Alice W. Lee wants students to understand the many factors that affect health and risk of disease. She joined Cal State Fullerton as an assistant professor of health science this fall.
Lee received her doctorate and master of public health degrees in epidemiology from USC, and her bachelor’s degree in biology from UCLA. She is a member of the Ovarian Cancer Association Consortium and the American Association for Cancer Research.
What inspired you to go into the field of health science?
The health science field fascinated me because I have always been curious about the workings of the human body. I studied biology as an undergraduate student to satisfy that curiosity, but in the midst of all the science-heavy coursework, I realized I was missing the broader picture of health and disease. Both are complex issues, influenced by a multitude of social, cultural and economic factors beyond biology. Public health and epidemiology provided that missing link for me.
What are your research interests?
My research interest is in the area of cancer epidemiology, specifically ovarian and breast cancer. Much of my work has been focused on understanding the effects of hormonal exposures, such as birth control and postmenopausal hormone therapy. This has also led to an interest in the epidemiology of women’s health.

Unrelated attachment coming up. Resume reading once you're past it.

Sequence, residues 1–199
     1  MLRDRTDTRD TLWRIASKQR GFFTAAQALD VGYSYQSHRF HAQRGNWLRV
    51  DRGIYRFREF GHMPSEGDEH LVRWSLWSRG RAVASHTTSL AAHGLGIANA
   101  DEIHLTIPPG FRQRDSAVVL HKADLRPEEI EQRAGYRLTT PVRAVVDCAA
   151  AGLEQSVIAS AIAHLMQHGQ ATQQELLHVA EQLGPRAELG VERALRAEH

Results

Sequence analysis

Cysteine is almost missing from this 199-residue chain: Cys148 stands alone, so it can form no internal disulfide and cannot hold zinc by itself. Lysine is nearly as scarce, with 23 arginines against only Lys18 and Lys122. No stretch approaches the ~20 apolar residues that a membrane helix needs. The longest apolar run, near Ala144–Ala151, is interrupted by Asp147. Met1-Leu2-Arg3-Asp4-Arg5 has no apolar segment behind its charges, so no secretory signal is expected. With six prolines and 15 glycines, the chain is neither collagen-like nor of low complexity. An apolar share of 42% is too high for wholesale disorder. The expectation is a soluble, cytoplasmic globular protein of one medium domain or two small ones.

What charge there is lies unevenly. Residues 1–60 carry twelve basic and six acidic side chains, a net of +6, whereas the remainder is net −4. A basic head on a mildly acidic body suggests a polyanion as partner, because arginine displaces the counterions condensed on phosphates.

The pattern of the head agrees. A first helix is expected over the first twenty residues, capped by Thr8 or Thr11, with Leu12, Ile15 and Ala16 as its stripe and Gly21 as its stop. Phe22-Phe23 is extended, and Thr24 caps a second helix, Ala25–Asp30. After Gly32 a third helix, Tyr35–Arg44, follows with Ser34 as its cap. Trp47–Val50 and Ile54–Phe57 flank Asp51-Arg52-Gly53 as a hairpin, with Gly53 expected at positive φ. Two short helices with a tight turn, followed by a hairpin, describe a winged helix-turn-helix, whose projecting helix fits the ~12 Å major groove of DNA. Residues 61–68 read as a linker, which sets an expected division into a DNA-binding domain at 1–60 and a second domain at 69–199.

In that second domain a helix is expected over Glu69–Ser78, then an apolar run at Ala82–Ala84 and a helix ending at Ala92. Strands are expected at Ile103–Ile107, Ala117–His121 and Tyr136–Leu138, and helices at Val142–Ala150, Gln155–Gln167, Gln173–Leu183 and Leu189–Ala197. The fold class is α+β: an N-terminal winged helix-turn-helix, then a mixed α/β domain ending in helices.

How do you engage students in your classes and/or research?
I strive to make my class one that students look forward to, rather than dread. I enjoy showing video clips and using group activities to break up the lecture routine. Also, I like to incorporate current events in class discussions so students can see the relevance of what they are studying in the real world.
What changes do you envision in your field five years from now?
Science is a field that is constantly evolving. Whether it is new knowledge or advancements in technology, what we currently know about health and the human body has not only become more extensive, but more refined. Although we may not find a cure for cancer within the next five years, I believe that what we know about its etiology for prevention and early detection will grow tremendously. I also see genetics playing an increasingly significant role in our understanding of diseases.
Name one thing you do to stay healthy.
I try to jog every day. I also try to read anything unrelated to work when I can!
See the complete list of new tenure-track faculty members joining CSUF this fall.